• Light-headedness
  • Nausea and vomiting
  • Sensitivity to light or noise
  • Stuffy nose, runny nose, or postnasal drip
  • Sudden, overwhelming fatigue and the need to lie down in a dark, quiet room to sleep, which is common with migraine headaches

How to relieve pressure in head?

Treatment depends on the underlying condition. You should tell your doctor about any other symptoms you’re experiencing along with head heaviness. Your doctor will take a medical history and perform a physical exam. They may also do some blood tests to check for other conditions, like anaemia or a thyroid disorder.
Depending on your symptoms, your doctor may refer you to a neurologist to look for brain abnormalities or an ear, nose, and throat (ENT) doctor to check for inner ear problems.
If your head heaviness is caused by fatigue, malnutrition, or dehydration, make sure you’re:
  • getting enough sleep
  • eating a well-balanced diet
  • drinking enough water
Ice, stretching, massage, and over-the-counter (OTC) pain medications can help treat neck strain.
Your doctor may also prescribe medications to treat certain conditions. For example:
  • preventive medications for migraines
  • supplements to treat iron-deficiency anaemia or other vitamin deficiencies
  • antihistamines and decongestants to treat allergies or sinus infections
  • thyroid hormone medications
  • anti-anxiety medications
  • drugs to treat vertigo
Of course, whether or not your doctor chooses to prescribe a medication will depend on your diagnosis.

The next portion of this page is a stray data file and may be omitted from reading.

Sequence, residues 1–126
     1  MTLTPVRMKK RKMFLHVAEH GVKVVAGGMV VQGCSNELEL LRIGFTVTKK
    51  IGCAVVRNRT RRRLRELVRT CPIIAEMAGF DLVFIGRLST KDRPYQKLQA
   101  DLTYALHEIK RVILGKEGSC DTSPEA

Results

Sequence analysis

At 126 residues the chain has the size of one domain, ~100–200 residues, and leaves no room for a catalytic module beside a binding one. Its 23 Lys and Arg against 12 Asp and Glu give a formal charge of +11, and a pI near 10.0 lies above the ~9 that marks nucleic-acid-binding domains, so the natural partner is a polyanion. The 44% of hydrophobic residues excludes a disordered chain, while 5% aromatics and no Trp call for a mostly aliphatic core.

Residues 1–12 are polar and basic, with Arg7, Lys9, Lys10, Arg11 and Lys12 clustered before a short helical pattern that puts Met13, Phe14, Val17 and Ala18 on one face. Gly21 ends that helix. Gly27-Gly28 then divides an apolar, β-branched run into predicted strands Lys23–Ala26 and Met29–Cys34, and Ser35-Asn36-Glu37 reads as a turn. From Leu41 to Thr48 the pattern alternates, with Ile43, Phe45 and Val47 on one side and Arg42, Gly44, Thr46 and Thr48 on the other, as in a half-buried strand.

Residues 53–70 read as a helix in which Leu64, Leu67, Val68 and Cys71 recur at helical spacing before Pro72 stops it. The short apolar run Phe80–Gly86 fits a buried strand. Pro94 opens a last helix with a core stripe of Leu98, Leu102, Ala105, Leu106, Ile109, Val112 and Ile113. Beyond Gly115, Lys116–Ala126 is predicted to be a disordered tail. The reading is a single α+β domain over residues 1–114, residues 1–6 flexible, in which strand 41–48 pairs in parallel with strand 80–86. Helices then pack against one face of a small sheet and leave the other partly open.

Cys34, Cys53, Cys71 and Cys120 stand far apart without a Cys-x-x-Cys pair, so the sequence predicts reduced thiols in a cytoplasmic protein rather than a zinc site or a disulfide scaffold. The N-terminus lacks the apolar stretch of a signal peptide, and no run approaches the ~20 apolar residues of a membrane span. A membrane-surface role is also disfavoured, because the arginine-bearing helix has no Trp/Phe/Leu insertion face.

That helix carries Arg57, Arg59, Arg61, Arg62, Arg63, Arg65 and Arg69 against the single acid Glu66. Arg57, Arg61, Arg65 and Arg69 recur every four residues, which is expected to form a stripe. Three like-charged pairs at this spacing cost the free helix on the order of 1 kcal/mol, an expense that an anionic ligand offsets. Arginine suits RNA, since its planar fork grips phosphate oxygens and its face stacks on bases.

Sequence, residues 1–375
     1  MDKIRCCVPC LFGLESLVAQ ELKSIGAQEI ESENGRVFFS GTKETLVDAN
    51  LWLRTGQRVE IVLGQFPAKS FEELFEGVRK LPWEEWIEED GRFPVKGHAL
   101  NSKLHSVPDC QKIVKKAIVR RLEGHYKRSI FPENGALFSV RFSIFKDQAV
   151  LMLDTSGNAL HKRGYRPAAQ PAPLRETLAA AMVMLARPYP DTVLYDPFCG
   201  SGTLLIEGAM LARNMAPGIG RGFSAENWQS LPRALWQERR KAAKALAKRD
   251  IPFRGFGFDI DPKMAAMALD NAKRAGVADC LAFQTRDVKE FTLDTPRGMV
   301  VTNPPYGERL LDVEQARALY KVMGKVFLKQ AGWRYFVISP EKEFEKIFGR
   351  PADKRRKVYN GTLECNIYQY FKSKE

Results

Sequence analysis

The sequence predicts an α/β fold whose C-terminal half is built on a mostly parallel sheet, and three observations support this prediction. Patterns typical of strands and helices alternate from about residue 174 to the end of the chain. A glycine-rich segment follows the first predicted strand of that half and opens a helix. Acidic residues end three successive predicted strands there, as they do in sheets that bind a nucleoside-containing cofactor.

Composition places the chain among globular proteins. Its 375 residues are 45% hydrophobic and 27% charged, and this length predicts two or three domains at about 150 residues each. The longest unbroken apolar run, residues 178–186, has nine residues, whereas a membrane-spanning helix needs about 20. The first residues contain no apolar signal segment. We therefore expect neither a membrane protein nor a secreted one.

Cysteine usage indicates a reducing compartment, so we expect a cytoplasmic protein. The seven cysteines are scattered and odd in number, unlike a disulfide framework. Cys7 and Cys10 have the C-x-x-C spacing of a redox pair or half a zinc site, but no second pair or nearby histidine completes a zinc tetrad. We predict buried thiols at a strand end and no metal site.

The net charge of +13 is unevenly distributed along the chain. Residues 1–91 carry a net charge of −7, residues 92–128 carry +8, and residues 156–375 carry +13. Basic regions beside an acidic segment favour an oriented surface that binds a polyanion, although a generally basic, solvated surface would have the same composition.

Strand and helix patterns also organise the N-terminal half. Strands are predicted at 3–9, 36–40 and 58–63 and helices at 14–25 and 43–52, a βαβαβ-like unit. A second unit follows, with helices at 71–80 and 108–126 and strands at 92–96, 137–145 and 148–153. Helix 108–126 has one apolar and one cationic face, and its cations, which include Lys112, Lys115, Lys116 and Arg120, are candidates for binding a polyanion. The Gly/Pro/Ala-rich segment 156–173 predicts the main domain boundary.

Pressure in head and dizzy:

Dizziness is a broad term used to explain how we feel when our sense of balance is not quite right. The term encompasses a variety of sensations that can mean different things to different people. If you have ever been dizzy, you may have found it difficult to describe exactly how it made you feel. Some people who report feeling dizzy say they feel as if everything is spinning around them, or as if they are spinning or turning themselves. This is what doctors usually mean when they refer to vertigo. Others describe feeling wobbly or unsteady as if they were on a boat. And still, others may describe their dizziness as a feeling of “floating”, lightheadedness or “giddiness”.
Dizziness can be caused by a number of different factors, including a variety of problems within the balance control mechanism itself. How we control our balance is a complex process involving many different parts of the body.
The dizziness, lightheadedness, unsteadiness or vertigo sensations you may feel are very real. Specific causes can be identified with an appropriate medical evaluation and tests conducted by a qualified clinician. The great news is that, once identified, most dizziness disorders can be successfully treated.
If you are suffering from dizziness or vertigo, it is important that you seek out medical professionals who are qualified in this area. There are specialists who are equipped to conduct the necessary medical tests to determine the cause of your dizziness and prescribe the best treatment for you.